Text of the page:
Bone strength in Medieval Denmark: robusticity analyses from a rural and urban sample
Stock, Jay T.
Hoppa, Robert D.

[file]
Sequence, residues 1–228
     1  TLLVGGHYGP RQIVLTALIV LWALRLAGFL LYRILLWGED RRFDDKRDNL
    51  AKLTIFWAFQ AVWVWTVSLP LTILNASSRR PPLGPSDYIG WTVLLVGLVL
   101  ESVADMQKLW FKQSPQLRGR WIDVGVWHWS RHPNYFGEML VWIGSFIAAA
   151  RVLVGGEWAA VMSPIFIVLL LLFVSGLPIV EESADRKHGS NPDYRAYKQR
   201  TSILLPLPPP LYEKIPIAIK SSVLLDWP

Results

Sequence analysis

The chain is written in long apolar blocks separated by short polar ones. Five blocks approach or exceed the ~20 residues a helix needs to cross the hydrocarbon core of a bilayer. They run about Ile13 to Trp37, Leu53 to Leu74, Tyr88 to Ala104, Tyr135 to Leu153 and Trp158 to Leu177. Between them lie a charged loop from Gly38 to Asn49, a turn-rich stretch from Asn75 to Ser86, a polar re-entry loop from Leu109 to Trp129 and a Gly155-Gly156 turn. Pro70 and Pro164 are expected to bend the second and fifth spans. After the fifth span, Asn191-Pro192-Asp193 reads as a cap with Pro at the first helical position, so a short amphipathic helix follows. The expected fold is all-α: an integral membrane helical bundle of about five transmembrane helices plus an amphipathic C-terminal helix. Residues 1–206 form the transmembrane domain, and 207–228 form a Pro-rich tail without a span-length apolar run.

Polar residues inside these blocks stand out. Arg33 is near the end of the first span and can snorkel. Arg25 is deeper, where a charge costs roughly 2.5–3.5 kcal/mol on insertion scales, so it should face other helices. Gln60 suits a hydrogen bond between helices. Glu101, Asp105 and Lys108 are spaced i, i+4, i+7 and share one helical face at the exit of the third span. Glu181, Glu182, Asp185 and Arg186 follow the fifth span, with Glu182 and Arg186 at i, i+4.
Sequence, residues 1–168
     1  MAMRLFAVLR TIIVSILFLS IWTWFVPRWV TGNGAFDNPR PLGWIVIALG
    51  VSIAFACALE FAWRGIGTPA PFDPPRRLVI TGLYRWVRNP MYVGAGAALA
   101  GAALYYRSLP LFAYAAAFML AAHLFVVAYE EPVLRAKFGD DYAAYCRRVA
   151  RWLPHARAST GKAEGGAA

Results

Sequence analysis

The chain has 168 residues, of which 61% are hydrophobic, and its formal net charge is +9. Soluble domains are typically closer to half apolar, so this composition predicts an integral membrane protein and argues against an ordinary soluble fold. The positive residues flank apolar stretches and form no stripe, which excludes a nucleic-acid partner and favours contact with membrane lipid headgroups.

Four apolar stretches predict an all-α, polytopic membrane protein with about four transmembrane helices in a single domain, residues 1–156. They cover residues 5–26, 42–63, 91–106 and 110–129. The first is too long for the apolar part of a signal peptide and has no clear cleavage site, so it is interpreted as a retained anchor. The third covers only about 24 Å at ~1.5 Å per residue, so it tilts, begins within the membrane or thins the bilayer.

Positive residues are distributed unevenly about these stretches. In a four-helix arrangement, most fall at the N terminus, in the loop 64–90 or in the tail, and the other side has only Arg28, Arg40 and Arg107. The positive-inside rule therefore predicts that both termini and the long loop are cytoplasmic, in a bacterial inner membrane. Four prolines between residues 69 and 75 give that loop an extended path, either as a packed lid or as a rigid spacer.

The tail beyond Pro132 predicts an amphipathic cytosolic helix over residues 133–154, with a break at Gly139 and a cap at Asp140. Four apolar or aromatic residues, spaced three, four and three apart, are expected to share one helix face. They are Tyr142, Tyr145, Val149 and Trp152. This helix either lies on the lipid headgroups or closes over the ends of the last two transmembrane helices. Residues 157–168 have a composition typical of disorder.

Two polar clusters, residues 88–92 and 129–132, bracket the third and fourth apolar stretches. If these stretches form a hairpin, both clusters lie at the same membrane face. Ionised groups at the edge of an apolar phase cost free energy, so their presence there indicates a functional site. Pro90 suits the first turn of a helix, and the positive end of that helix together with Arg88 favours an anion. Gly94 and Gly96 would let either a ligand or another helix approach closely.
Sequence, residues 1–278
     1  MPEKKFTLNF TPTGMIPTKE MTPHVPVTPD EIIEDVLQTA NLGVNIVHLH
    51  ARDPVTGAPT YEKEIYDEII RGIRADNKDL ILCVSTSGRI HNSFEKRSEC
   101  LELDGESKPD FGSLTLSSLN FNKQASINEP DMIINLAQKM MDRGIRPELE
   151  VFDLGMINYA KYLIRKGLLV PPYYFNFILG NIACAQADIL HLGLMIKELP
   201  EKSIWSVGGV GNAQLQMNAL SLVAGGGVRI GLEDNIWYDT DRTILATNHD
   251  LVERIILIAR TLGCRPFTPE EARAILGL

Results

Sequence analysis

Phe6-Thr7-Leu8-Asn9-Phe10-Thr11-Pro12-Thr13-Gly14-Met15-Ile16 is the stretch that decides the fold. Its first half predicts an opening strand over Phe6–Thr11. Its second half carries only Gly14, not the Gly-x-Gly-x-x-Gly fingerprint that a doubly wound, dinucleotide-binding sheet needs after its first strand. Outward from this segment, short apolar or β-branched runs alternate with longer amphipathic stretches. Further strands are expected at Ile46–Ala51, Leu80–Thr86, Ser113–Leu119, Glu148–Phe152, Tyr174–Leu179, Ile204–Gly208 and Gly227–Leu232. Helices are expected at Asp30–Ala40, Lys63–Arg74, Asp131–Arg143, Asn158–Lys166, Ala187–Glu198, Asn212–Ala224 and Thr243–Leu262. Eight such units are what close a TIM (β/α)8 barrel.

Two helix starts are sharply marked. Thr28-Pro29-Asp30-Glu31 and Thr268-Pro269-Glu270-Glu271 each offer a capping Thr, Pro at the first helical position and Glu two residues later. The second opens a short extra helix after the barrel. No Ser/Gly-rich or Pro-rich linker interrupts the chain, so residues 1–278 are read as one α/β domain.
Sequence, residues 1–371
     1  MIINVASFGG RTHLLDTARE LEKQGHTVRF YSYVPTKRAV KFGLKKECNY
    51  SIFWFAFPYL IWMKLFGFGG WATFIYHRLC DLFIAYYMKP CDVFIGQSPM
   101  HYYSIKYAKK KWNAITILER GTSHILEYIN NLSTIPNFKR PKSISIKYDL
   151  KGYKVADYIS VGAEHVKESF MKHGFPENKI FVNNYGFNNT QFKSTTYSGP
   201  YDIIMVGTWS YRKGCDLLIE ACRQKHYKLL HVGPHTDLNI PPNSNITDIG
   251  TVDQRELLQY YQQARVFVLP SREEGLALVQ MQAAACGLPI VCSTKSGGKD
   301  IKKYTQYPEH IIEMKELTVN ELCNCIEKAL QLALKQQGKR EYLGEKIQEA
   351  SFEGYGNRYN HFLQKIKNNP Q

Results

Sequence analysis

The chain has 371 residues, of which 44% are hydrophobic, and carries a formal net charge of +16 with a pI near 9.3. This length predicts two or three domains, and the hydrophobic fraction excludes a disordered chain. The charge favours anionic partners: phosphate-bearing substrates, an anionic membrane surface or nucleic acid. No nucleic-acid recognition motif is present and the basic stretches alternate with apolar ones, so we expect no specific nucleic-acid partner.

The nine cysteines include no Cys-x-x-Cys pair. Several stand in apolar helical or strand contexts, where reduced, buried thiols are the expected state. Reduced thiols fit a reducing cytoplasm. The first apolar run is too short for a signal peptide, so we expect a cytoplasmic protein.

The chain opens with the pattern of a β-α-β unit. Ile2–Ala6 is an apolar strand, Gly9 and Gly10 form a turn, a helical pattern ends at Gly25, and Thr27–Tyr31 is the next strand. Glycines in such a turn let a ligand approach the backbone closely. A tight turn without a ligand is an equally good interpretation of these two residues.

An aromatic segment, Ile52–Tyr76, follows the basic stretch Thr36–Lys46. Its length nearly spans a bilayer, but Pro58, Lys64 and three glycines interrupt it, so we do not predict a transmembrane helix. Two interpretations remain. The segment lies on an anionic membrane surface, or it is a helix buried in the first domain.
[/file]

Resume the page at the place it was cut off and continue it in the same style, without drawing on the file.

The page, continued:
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Objectives: The aim of the current study was to understand the transition in lower limb loading and terrestrial mobility during the urbanization revolution in medieval Denmark. This was accomplished by comparing the cross sectional geometric properties of the femora from two populations, the rural cemetery of Tirup and the urban Black Friars cemetery. Materials and Methods: Using two skeletal samples, the rural cemetery of Tirup, Jutland (1150-1350 A.D.), and the urban Black Friars cemetery, Funen (1240-1607 A.D.), cross sectional geometric properties of the right femora were examined. The cross sectional geometric properties of adult long bones are reflections of in-vivo loading. General patterns of relative mechanical loading during life can be interpreted by calculating the cross sectional geometric properties of a long bone’s diaphysis. Compressive and tensile rigidity and strength (CA), maximum and minimum bending rigidity (Imin, Imax), torsional rigidity (J), bending rigidity along the anteroposterior and mediolateral axes (Ix, Iy), and diaphyseal shape (Imax/Imin; Ix/Iy) at the femoral midshaft were calculated from 104 CT scans, 48 from Tirup (32 males, 16 females) and 56 from Black Friars (38 males, 18 females). Results: The results indicate significantly greater robusticity among the Black Friars sample for both males and females. Discussion: In opposition to the prevalent understanding of physicality in medieval communities, the results suggest that lower limb loading (and inferred terrestrial mobility) was greater in the urban setting. Cemetery make-up and population variation between the samples cannot, however, be discounted.